Fatalities and the Annual Chance of being Murdered in a European Terrorist Attack

Recent terrorist attacks in Europe have increased death tolls and boosted fears on both sides of the Atlantic. Last year, I used common risk analysis methods to measure the annual chance of being murdered in an attack committed on U.S. soil by foreign-born terrorists. This blog is a back of the envelope estimate of the annual chance of being murdered in a terrorist attack in Belgium, France, Germany, Sweden and the United Kingdom. The annual chance of being murdered in a terrorist attack in the United States from 2001 to 2017 is about 1 in 1.6 million per year. Over the same period, the chances are much lower in European countries.

Methods and Sources

Belgium, France, and the United Kingdom are included because they have suffered some of the largest terrorist attacks in Europe in recent years. Sweden and Germany are included because they have each allowed in large numbers of refugees and asylum seekers who could theoretically be terrorism risks.

The main sources of data are the Global Terrorism Database at the University of Maryland for the years of 1975 to 2015, with the exception of 1993. I used the RAND Database of Worldwide Terrorism to fill in the year 1993. I have not compiled the identities of the attackers, any other information about them, or the number of convictions for planning attacks in Europe. The perpetrators are excluded from the fatalities where possible. Those databases do not yet include the years 2016 and 2017, so I relied on Bloomberg and Wikipedia to supply a rough estimate of the number of fatalities in terrorist attacks in each country in those two years through June 20, 2017. The United Nations Population Division provided the population estimates for each country per year.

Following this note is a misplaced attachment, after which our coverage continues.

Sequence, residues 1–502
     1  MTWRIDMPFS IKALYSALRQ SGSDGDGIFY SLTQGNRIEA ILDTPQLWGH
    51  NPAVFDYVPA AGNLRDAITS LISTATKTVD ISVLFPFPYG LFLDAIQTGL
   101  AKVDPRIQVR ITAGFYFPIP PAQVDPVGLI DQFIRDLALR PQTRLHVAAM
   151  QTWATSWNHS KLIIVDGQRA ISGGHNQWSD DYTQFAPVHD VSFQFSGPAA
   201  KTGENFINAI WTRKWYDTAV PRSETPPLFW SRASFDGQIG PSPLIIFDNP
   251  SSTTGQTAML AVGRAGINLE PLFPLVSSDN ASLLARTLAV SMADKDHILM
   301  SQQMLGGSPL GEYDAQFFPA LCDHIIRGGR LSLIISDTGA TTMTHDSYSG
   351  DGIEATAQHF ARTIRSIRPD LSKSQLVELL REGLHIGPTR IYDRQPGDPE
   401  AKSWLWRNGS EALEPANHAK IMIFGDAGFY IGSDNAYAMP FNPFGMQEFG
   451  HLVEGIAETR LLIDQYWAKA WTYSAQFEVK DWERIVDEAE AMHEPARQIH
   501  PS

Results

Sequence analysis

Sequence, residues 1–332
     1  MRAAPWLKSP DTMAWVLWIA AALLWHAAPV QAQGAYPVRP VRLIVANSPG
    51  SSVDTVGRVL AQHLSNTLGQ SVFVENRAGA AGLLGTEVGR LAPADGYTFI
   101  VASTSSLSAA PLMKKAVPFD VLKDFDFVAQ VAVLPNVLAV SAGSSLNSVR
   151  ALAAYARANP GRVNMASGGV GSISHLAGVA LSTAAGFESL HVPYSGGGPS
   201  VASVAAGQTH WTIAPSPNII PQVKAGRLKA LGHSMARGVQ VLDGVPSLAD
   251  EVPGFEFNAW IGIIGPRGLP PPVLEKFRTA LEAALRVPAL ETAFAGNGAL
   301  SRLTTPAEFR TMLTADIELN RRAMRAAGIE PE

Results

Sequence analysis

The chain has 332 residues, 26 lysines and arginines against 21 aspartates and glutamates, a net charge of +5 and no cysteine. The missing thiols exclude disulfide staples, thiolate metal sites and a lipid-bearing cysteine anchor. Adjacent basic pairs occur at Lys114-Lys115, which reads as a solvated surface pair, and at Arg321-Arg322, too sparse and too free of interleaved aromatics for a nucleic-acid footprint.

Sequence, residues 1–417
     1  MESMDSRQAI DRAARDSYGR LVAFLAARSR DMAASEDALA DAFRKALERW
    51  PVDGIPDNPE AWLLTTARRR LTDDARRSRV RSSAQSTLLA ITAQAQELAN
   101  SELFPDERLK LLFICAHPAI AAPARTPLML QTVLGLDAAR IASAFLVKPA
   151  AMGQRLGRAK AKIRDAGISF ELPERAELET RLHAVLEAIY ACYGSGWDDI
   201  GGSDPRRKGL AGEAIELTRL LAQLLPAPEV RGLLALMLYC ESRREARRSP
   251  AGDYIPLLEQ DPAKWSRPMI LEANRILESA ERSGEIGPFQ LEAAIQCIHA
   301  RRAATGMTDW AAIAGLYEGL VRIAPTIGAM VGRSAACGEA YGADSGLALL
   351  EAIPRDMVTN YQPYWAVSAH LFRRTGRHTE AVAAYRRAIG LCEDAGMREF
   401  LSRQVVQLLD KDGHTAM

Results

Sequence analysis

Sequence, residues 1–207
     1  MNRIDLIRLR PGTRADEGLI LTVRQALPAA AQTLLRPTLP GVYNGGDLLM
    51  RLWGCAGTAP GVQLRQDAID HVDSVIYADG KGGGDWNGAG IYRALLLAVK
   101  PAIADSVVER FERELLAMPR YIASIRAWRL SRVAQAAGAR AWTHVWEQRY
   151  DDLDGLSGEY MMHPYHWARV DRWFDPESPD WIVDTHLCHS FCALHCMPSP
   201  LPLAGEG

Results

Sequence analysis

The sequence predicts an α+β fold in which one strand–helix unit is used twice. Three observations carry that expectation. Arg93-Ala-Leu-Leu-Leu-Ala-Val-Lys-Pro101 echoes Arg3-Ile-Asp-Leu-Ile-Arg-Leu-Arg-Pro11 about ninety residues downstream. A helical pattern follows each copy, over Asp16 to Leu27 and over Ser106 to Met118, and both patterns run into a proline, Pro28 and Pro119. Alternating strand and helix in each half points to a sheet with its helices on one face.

Terrorism Fatality Risk for Each Country

This section displays the number of terrorist fatalities and the annual chance of a resident of each country being murdered. The results in this section answer three important questions: What is the annual chance of having been killed in a terrorist attack from 1975 through 2017 in each European country? Has the annual chance of being killed in a terrorist attack gone up since the 9/11 attacks? How does the risk in Europe compare to the risk in the United States?

European Terrorism from 1975 through June 20th, 2017

Residents of the United Kingdom have suffered the most from terrorism. Almost 78 percent of the European fatalities reported in Table 1 were residents of the United Kingdom and about 95 percent of those British fatalities occurred before 2001.

Residents of the United Kingdom suffered the most from terrorism with the highest annual chance of dying at one in 964,531 per year (Table 1).

Table 1: Fatalities and Annual Chance of Dying in a Terrorist Attack, 1975–June 20th, 2017

 

Fatalities

Annual Chance of Dying

United Kingdom

2,632

1 in 964,531

Belgium

64

1 in 6,936,545

France

506

1 in 4,984,301

Sweden

20

1 in 19,001,835

Germany

148

1 in 23,234,378

United States

3568

1 in 3,241,363

Sources: Global Terrorism Database, RAND Corporation, United Nations Population Division, Bloomberg, Wikipedia, author’s calculations.

The deadliest terrorist attack across these five European countries was the 1988 bombing of Pan Am 103 over Lockerbie, Scotland, which killed 270. An additional 110 residents of these five countries were murdered in that year. The next deadliest year was 1976 with 354 victims. The third deadliest year was 1975, when there were 252 murders in terrorist attacks (Figure 1). The number of fatalities in European terrorist attacks increased to 172 in 2015 and fell to 133 in 2016. Every death in a terrorist attack is a tragedy but Europeans should feel comforted by the fact that their chances of dying of such an attack are minuscule.

Figure 1: Terrorism Fatalities in Belgium, France, Germany, Sweden, and the United Kingdom, 1975–2017

Sources: Global Terrorism Database, RAND Corporation, United Nations Population Division, Bloomberg, Wikipedia.

Terrorism Risk in Europe versus the United States